Hayward v Zurich Insurance Co Plc
Citations:  UKSC 48;  AC 142;  3 WLR 637;  4 All ER 628;  2 CLC 246;  Lloyd’s Rep IR 84;  CILL 3865.
The defendant suffered an injury at work. He claimed substantial compensation from his employer. The employer suspected that the defendant exaggerated his injuries, but initially could not prove it. They agreed to settle the claim for a third of the amount claimed.
The employer’s insurers later acquired proof that the defendant had recovered entirely from his injuries a year before the settlement. The insurer sued the defendant for damages in the tort of deceit. They sought to rescind the settlement agreement.
At first instance, the High Court held that there was an actionable deceit. This meant that the insurers could rescind the contract. Without the deceit, the defendant would have been paid only a ninth of what he originally claimed. The defendant was ordered to pay back the difference. On appeal, the Court of Appeal held that the contract was not rescinded, because the insurers did not rely on the defendant’s representations when reaching the settlement agreement. This was because the insurers never fully believed the defendant’s claims. The insurers appealed.
- Did the insurers rely on the defendant’s misrepresentations?
The Supreme Court held in favour of the insurers. The defendant’s misrepresentations caused the insurers to pay out the settlement. This was the case even though the insurers did not believe that what the defendant was saying was true. This was enough to make out an actionable deceit. The Supreme Court restored the decision of the High Court judge.
This Case is Authority For…
An action for deceit based on misrepresentation requires the claimant to show:
- That the defendant made a materially false misrepresentation;
- That this representation was intended to induce, and did induce, the contract;
- That this caused the claimant loss.
However, this does not mean that the claimant must believe that the representation is true. The misrepresentation only needs to be a material cause of the contract. It need not be the only cause.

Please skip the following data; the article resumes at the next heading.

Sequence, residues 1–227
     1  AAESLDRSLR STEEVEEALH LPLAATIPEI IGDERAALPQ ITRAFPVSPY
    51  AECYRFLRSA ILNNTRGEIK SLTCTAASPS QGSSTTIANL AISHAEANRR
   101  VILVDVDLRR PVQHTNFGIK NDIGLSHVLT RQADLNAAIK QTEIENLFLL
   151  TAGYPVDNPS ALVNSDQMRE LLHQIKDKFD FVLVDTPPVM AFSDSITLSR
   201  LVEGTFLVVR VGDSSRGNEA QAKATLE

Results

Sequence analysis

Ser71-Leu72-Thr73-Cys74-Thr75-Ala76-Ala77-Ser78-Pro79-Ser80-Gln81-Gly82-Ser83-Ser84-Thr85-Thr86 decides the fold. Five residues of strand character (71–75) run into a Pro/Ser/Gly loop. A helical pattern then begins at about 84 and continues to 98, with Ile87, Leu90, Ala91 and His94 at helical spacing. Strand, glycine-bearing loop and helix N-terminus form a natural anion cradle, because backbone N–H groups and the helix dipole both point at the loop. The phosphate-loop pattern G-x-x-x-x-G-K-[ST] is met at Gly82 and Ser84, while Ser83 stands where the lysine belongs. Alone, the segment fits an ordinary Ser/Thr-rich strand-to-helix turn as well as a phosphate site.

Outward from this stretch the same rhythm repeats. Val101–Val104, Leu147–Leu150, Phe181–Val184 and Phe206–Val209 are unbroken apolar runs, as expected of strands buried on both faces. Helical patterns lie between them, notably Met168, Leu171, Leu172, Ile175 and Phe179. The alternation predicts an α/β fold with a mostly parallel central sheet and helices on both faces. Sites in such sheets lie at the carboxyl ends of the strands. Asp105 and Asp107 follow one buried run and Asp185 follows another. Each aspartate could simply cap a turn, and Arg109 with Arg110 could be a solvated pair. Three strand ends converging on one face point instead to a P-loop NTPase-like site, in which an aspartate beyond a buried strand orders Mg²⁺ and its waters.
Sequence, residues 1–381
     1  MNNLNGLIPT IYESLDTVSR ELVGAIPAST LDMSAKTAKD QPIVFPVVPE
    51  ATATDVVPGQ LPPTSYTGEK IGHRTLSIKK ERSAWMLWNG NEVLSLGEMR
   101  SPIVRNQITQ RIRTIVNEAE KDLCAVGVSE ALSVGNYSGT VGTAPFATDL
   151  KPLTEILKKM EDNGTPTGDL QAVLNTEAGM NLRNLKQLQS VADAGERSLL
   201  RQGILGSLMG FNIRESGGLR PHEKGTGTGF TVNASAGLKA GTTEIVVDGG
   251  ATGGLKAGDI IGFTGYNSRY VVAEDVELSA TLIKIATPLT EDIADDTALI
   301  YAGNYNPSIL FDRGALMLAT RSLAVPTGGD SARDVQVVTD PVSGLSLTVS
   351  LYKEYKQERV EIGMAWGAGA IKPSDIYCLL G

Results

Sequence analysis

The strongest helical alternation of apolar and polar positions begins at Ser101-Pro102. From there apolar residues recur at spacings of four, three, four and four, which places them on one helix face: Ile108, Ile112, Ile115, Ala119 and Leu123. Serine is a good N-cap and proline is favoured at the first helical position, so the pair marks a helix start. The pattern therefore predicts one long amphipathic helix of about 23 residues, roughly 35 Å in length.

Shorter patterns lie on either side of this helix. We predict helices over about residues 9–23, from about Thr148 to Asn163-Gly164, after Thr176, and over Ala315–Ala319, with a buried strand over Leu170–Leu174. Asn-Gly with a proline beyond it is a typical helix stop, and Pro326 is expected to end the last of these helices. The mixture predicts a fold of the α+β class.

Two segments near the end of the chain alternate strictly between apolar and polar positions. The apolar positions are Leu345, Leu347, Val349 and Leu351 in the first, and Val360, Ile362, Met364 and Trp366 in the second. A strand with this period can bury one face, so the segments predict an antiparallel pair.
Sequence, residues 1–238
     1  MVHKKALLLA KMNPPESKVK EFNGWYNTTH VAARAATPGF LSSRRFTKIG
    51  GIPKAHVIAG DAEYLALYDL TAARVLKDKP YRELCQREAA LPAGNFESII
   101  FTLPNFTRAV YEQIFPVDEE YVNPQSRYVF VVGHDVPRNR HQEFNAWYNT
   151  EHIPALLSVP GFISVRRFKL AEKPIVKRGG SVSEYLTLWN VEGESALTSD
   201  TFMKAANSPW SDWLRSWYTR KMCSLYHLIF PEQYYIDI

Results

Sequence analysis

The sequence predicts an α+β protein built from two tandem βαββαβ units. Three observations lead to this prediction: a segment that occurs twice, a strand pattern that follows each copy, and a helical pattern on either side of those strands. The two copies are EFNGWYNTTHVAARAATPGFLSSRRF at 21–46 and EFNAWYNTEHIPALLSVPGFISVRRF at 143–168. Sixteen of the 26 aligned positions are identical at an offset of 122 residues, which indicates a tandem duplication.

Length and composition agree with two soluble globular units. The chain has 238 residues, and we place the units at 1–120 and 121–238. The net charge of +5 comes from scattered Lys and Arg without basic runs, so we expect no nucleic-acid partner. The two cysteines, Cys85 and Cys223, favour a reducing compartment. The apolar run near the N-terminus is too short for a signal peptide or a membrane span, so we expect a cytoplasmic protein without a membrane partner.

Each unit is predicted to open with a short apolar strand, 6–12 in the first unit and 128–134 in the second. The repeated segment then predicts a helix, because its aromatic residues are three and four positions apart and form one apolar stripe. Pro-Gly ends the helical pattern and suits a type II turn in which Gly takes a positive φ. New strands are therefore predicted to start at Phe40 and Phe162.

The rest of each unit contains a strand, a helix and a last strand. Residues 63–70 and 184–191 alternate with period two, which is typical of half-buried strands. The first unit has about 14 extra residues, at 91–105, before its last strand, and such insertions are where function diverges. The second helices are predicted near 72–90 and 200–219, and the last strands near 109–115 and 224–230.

Lord Clarke explained that in practice, it may be difficult to prove that the misrepresentation was a material cause if the claimant does not believe it. However, it does not make it impossible. In this case, the fact that the misrepresentations convinced the insurer that the defendant would succeed at trial, so the settlement was worth making, established inducement.
Lord Clarke stated that if the defendant intended to induce the contract using misrepresentations, this is evidence that the claimant was so induced. This is sometimes referred to as a presumption of inducement.
Lord Clarke noted that the authorities are not entirely clear on how to rebut the presumption. Some cases say that the defendant must show that the misrepresentation ‘played no part at all’ while others say it must not have played a ‘real’, ‘determinative’ or ‘substantial’ part. Lord Clarke did not resolve the matter, simply saying that it is difficult to rebut the presumption.
The person receiving the misrepresentation is not under a duty to exercise any care or diligence in believing or investigating the statement. The fact that the claimant carries out their own investigations does not necessarily mean that they did not rely on the misrepresentations. As Lord Clarke put it:
‘Qualified belief or disbelief does not rule out inducement, particularly where those investigations were never going to find out the evidence that subsequently came to light.’